A man put on trial for murder will not face a retrial. Last month, a hung jury caused a mistrial in the Walter Zimbeck murder case.
Zimbeck was accused of killing 14-year old Lori Hill back in 1985.
But now the Fulton County prosecutor says after talking with jurors it is apparent he could never get a conviction, so he's dropping the case.
back in July, the jury came back 7 to 5 to convict Zimbeck in the 1985 killing of his ex-girlfriend.
The first trial was dismissed. Since December, Zimbeck has been under house arrest fighting for his life in a second trial.
Zimbeck says the last 3 years have been difficult. "I've lost about everything I own. I've lost my business. I've lost the best 3-years of my 5-year old daughter's life. I have nothing left."
Lori Hill was found dead in a wooded area in Fulton County in October, 1985. Zimbeck was questioned but never charged.
Toledo police picked up this cold case and fingered Zimbeck. But a second trial ended in a hung jury mistrial.
Zimbeck says Fulton County should have known this was a witch hunt. "The prosecutor was bull-dog strong and didn't want to give up on the fact," Zimbeck told 13abc reporter Bill Hormann. "I think they were willing to grab at straws and stretch the truth to get to where they were."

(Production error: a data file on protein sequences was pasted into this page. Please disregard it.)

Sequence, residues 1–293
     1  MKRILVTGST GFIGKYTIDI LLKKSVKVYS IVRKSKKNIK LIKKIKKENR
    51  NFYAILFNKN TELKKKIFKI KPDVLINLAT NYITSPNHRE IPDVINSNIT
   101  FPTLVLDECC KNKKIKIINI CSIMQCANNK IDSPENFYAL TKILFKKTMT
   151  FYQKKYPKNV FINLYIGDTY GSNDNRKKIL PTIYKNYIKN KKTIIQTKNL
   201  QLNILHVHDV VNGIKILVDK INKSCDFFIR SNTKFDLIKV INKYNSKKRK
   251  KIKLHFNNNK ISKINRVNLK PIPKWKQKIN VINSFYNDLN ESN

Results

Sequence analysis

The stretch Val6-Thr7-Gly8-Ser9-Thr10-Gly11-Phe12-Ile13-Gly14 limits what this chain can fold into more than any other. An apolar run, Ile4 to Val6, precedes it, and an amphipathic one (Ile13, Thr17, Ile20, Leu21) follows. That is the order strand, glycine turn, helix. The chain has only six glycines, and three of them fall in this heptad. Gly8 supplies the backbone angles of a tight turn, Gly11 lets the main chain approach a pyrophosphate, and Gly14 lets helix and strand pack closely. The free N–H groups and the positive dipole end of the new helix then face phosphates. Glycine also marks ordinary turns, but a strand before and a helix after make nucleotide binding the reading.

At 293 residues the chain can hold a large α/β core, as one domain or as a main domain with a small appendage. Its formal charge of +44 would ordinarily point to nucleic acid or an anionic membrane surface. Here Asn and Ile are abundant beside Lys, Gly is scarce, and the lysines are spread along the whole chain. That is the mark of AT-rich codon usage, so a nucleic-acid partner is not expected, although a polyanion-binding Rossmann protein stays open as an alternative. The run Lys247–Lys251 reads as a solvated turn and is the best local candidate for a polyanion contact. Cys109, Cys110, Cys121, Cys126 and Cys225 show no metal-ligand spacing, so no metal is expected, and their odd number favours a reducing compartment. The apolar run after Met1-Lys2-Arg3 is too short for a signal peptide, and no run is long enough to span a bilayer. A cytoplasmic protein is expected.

After talking with jurors,who could not vote unanimously to convict Zimbeck, Fulton County prosecutor Scott Haselman said... "the chances of another hung jury" were "significant", so he is not going to try Zimbeck again.
Despite that news, Zimbeck's attorney sees the cloud that lingers over her client's head. Amber VanGunten told 13abc, "It's bittersweet. We would have lied the opportunity to have him completely exonerated and have 12 people of this county stand up and say he's not guilty and we're not going to get that chance now."
For his part, Zimbeck says there is one opportunity left now, but it's up to the prosecutor to seize it.
He said, "I do hope that the prosecutor can continue to look for the killer of Lori Hill. She's still deeply in my heart."
13abc called Lori's surviving sister several times, Monday, to get her reaction, but we could not get through.
Walter Zimbeck says he's heading back to Tennessee, where he lives.
He says he's bitter toward Fulton County and never wants to return to Ohio, again.